My husband is spending a few weeks in Alaska, near the Arctic Circle. This can only mean one thing: while he subsists on lichens, dwarf shrubs and small tundra mammals, I am left back in Washington to single handedly hold down the farm share fort.
Even our 6 year old has been put to work stringing beans and picking the slugs off heads of cabbage while I spin around the kitchen in a pickling, casserole making, cherry pitting frenzy (it’s sour cherry week for those of you in the mid Atlantic BTW, so get out there or you’ll miss another year. If you don’t have time to make a pie now, wash them , pit them and freeze them for later on).
To say that our vegetable bin runneth over is only the tip of the iceberg. Last week was cucumber and cabbage week – including brown Poona Kheera cucumbers, Armenian serpent cucumbers and regular green slicers. Last week also included an explosion of summer squashes – early crookneck, straightneck, yellow scallop and dark green zucchini among other varieties plus a few large heads of cabbage.
The cabbage and cucumbers were easy. What I couldn’t use up in chopped vegetable salads and slaws I pickled, then gave half the pickles away. Pickling is not hard – the vegetables don’t last as long as they would if you had fermented them – but it takes very little time and will last in the fridge about a week or so.
The summer squash was a lot more difficult because, well, I really hate squash. It’s okay raw but I can barely tolerate it when it’s cooked, even when disguised in a ratatouille. To me it’s like trying to choke down a big mouthful of pond slime, even when grilled or roasted. So, using a Paula Deen recipe as a jumping off point, I created a summer squash casserole using ingredients I had on hand. The cheese gives the squash the richness and body it lacks and the toasted breadcrumbs provide a much needed crunchy texture. A real triumph.
Before I move on to the recipes, a quick word about what we’re pouring a lot of this summer. As people in Provence have known for years – rosés are delicious and just the ticket for these warm summer nights. I for one honestly crave the pink stuff, especially this time of year. Ranging from just barely blushing to a sassy, almost-but-not-quite red, it’s not that Sutter Home White Zinfandel you so unfortunately drank in college. For one thing, it’s dry. Rosés are made mostly with red-wine grapes, pressed gently, and allowed to pick up just a bit of color from the grape skins. They can be light or more substantial, but they can be served with anything you’d serve a white wine with. Here are a few suggestions from our portfolio:
Cave la Vinsobraise Côtes du Rhône Rosé 2009 ($12): A refreshing wine with a light strawberry/currant flavor profile, some citrus, and a clean, satisfying finish. A classic rose!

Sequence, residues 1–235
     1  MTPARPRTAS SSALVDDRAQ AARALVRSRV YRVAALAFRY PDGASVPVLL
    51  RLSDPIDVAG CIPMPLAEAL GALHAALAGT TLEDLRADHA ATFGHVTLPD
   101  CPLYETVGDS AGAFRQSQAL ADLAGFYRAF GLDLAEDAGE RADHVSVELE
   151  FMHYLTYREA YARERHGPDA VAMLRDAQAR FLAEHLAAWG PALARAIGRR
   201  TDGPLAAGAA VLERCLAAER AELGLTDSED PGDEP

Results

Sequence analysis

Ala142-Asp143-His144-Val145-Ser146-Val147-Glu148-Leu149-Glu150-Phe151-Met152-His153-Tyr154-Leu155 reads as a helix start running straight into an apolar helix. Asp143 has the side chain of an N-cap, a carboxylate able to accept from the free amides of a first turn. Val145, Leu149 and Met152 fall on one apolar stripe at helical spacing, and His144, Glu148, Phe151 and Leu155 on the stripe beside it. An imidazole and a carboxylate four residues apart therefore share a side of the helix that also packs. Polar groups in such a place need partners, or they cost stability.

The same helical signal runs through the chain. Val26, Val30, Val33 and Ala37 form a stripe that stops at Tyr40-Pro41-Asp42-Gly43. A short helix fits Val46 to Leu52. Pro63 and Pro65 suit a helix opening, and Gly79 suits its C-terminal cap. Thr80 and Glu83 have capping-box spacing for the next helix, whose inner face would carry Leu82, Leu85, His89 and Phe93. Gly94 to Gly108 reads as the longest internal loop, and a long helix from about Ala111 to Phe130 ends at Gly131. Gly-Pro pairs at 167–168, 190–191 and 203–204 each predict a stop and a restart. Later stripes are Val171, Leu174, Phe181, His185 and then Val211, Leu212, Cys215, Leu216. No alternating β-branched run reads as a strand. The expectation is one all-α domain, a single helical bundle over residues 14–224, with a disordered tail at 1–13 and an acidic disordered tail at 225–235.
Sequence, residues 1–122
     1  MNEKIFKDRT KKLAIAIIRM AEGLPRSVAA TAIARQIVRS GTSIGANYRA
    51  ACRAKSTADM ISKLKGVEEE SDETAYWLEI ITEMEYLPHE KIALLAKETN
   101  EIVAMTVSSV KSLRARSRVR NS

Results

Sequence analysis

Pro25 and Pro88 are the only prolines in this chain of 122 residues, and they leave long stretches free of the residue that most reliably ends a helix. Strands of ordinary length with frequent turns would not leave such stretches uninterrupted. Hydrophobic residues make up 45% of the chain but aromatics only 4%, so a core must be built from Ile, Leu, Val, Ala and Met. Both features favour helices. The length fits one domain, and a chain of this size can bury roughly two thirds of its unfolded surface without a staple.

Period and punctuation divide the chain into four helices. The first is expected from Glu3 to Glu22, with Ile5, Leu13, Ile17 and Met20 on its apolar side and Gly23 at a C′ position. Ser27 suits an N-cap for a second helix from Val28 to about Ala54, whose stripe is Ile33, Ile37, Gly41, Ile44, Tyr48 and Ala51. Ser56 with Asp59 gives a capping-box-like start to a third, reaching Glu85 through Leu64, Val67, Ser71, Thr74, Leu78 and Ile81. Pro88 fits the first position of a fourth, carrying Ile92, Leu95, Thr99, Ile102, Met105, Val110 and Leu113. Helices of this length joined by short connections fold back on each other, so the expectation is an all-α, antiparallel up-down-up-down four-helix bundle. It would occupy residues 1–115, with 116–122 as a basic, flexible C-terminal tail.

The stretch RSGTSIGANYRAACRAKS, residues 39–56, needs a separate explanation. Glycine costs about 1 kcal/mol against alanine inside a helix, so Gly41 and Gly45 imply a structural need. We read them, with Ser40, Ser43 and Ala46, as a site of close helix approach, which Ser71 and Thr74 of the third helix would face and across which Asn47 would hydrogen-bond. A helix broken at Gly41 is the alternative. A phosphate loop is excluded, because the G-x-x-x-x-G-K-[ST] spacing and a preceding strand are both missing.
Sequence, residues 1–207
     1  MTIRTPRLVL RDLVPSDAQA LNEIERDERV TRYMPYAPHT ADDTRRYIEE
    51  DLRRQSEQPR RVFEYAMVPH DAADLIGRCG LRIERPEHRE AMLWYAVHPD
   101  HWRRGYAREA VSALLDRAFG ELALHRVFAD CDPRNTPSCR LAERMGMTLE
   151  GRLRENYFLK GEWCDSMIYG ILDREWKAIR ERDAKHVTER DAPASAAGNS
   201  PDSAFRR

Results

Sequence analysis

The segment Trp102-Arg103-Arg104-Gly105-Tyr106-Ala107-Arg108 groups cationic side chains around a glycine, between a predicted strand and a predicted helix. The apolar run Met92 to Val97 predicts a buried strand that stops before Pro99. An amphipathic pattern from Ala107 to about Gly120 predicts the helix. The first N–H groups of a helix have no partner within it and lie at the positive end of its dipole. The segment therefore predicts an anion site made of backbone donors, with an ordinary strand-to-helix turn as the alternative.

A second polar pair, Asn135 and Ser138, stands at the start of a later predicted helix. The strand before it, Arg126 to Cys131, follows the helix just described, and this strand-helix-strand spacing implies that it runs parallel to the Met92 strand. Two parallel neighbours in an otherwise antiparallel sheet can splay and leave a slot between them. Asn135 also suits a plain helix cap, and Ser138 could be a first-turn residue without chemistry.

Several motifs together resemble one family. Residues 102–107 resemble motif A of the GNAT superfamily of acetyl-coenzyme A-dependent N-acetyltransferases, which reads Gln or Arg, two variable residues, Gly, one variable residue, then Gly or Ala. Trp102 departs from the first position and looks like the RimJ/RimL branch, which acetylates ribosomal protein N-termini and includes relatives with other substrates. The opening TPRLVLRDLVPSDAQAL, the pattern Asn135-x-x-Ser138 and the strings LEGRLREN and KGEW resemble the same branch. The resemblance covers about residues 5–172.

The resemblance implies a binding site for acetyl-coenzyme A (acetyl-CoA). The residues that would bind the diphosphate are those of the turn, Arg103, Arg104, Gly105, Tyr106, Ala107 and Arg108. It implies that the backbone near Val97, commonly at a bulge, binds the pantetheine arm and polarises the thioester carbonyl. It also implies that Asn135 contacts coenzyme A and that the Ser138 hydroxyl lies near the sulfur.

Domaine de Mairan Rosé ($11): made from 70% Grenache and 30% Merlot, and it’s fruity yet slightly acidic, perfect for the summertime (and anytime you need a little summer). The Merlot makes this rosé fruitier than some in other parts of France, and even the Grenache is less earthy than you might expect because of the particular climates and soils of the Languedoc region.
Château de Clapier Rose ($12): This rose has been mentioned in the Guide Hachette as being of excellent quality and well-balanced with a floral nose, a taste of citrus and a nice bit of acidity at the finish.
Now, on to the recipes. Tom and I have 24 cases of wine to deliver to the Building Museum tomorrow – so I think tonight I’ll need the fortification of a cheesy squash casserole with a couple glasses of rosé !
6 cups thinly sliced vegetables (I used cucumber, sliced with a mandoline)
2 cups thinly sliced green onions (can use regular, I had green onions coming out of my ears)
1 1/2 cups sugar
1 1/2 cups cider vinegar
1/2 teaspoon salt
1/2 teaspoon mustard seed
1/2 teaspoon celery seed
1/2 teaspoon ground turmeric
1/2 teaspoon ground cloves
Place veggies and onions in a large bowl; set aside. Combine remaining ingredients in a saucepan; bring to a boil. Cook and stir just until the sugar is dissolved. Pour over cucumber mixture; cool. Cover tightly and refrigerate for at least 24 hours before serving.
Cheesy Squash Casserole
6 cups thinly sliced summer squash (many recipes tell you to parboil the squash. I did not. I washed it and sliced it with a mandoline, very thinly. I think this helped it to retain some texture)
1 cup green onions, chopped
2 or 3 garlic scapes, minced (can use garlic cloves)
1/4 cup fresh parsley, chopped
1/2 stick butter
3/4 cup sharp cheese (feta, goat or cheddar would all work well)
Salt and pepper
1 cup cracker or panko breadcrumbs, or enough to cover casserole
Preheat oven to 350 degrees F.
Brown onion, garlic, and parsley in 2 tablespoons butter seasoned with salt and pepper. Add squash and cook 2 to 3 minutes more, stirring. Remove from heat, drain mixture in a colander for a few minutes. In a large bowl, beat egg and add cheese and veggie mixture, allowing it to absorb. Season with salt and pepper.
Place in casserole dish or baking pan. Cover top with crumbs and dot with remaining butter. Bake for 20 to 25 minutes, until the crumbs brown.